SCOTTSDALE — Angel Pagan has the same spot in the Scottsdale Stadium clubhouse as he did last year, except this time it’s a bit more symbolic. Two lockers to his left is Denard Span, and if you stand in front of the row you see the new outfield formation staring back at you: Span in center, Pagan off to his side in left field.
Pagan on Tuesday addressed the change for the first time since the January deal that brought Span to San Francisco for the next three years. He said he won’t fight the move to left and never thought of asking for a trade, but he also admitted that the position change caught him by surprise.
“I’ll be honest, I’ll be really honest, I was a little surprised by the move. When that’s your position and you’re asked to play a different position, I was surprised, but at the same time Span is a great center fielder and great player,” Pagan said. “Every player has pride and you have to sit down and understand that at some point you have to make a move. I prepared myself really well for center field and the team asked me to move to left — I’m on board.
“I’m on board 100 percent. I’m here to do whatever the team asks me to do.”
Pagan hasn’t played left field since 2010, when he started 22 games there for the Mets. He has been a center fielder throughout his time with the Giants, but it became clear last season that a defensive upgrade up the middle could help the team’s cause. Advanced metrics showed Pagan was one of the worst defensive center fielders in the big leagues, but he still believes he has the athleticism to handle his favorite spot.
The Giants haven’t decided yet if Pagan will back up Span on days when the new center fielder, who dealt with injuries last year, gets a day off. It’s possible Pagan shifts back and forth, but Gregor Blanco also could handle backup duty at all three outfield spots. For now, the only certainty is that Span is lined up to play center field and lead off (another longtime Pagan spot) on Opening Day. Pagan said he’s looking forward to having a conversation with his new teammate.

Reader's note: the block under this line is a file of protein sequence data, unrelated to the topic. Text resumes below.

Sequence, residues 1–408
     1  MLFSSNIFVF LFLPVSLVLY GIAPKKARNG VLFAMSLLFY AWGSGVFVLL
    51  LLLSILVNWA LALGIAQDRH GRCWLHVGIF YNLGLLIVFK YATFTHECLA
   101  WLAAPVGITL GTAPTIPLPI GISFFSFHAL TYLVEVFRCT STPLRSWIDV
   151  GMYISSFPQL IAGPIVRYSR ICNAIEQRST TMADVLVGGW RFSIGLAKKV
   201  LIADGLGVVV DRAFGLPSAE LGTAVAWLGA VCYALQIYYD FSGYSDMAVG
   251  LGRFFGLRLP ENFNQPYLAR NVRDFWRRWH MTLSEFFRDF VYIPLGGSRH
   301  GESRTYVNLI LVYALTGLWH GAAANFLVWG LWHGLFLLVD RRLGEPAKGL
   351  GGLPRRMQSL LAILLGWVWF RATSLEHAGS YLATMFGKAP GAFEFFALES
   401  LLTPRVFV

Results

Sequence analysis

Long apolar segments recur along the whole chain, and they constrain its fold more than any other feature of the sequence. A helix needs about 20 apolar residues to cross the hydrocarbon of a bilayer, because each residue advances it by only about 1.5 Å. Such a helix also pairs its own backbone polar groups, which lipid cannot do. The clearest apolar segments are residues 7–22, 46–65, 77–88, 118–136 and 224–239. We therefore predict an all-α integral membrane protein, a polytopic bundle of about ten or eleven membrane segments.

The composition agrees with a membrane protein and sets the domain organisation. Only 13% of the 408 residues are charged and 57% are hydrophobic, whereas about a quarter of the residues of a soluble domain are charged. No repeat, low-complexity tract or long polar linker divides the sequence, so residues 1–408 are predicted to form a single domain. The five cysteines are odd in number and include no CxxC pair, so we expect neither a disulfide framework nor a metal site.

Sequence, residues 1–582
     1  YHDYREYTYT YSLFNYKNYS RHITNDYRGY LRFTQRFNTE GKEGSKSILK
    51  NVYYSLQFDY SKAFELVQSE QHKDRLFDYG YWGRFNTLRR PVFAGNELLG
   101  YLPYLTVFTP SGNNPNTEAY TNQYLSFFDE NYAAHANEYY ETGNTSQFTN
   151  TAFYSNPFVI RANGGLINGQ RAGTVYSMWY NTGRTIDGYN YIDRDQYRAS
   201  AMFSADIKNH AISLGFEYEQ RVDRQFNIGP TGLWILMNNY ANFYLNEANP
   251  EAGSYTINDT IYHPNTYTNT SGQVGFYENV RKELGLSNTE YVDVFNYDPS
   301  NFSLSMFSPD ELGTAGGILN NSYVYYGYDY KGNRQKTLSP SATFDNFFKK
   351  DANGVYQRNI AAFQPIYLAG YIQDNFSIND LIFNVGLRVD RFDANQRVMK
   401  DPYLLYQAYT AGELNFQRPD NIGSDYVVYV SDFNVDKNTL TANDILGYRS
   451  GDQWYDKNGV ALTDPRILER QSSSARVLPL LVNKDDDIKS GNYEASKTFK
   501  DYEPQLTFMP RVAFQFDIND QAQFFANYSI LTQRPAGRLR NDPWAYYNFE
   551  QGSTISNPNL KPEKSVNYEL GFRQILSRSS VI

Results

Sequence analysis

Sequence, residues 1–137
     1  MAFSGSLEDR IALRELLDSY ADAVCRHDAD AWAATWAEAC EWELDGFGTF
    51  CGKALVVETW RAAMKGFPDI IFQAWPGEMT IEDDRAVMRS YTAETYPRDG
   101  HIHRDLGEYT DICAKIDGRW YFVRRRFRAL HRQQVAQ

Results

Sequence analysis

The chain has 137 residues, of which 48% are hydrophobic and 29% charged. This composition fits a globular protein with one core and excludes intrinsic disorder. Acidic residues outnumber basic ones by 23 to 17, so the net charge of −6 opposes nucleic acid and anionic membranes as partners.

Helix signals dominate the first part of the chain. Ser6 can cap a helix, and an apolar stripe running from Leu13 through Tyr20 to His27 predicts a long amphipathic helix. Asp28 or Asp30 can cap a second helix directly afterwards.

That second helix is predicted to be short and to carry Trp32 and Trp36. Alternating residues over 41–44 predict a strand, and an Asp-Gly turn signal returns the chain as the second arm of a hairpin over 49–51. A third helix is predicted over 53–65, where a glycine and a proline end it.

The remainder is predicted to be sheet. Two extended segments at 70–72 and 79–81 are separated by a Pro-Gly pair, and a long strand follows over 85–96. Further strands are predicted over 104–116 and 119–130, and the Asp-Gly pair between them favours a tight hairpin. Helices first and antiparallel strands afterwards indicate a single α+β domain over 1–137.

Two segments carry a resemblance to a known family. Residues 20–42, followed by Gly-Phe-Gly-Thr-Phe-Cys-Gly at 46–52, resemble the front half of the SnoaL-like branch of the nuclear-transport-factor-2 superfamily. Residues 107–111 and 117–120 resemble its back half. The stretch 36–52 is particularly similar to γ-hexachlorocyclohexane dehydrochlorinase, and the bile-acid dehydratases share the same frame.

“I don’t have any hard feelings at all,” he said. “I want him to know that I’m on board and I’m ready to get as far as I can and reach for a gapper with him. Hopefully we can play the best defense we can for the pitching staff we have.”
The Giants kept Pagan in the loop as they finalized a deal with Span, and they were so worried about a potentially sticky situation that they didn’t immediately name Span the center fielder after agreeing to a deal. It wasn’t until FanFest earlier this month that Bochy made it official, and that announcement came after a telephone conversation with Pagan.
“I had to sit down with my family and explore what was going on and accept it and move on,” Pagan said. “Right now I’m with the Giants, and I’m here to win a championship in 2016. Anything that involves business I just try to stay away because I had no control over it.”
Bochy is hopeful that the switch helps the oft-injured Pagan stay on the field.
“I think it could benefit him,” Bochy said. “There’s a little more wear and tear playing center field.”
Pagan has played just 454 games in four seasons with the Giants, twice failing to reach the 100-game mark. He said he changed trainers in the offseason and worked more on flexibility and stretching. He also had a minor procedure on his right knee, described as an injection to remove scar tissue. After four weeks off, Pagan got back in the gym, eager to push past a season when he wasn’t healthy enough to drive the ball and ended up hitting just .262 with a .635 OPS.
“I feel rejuvenated,” Pagan said. “I’m ready to work.”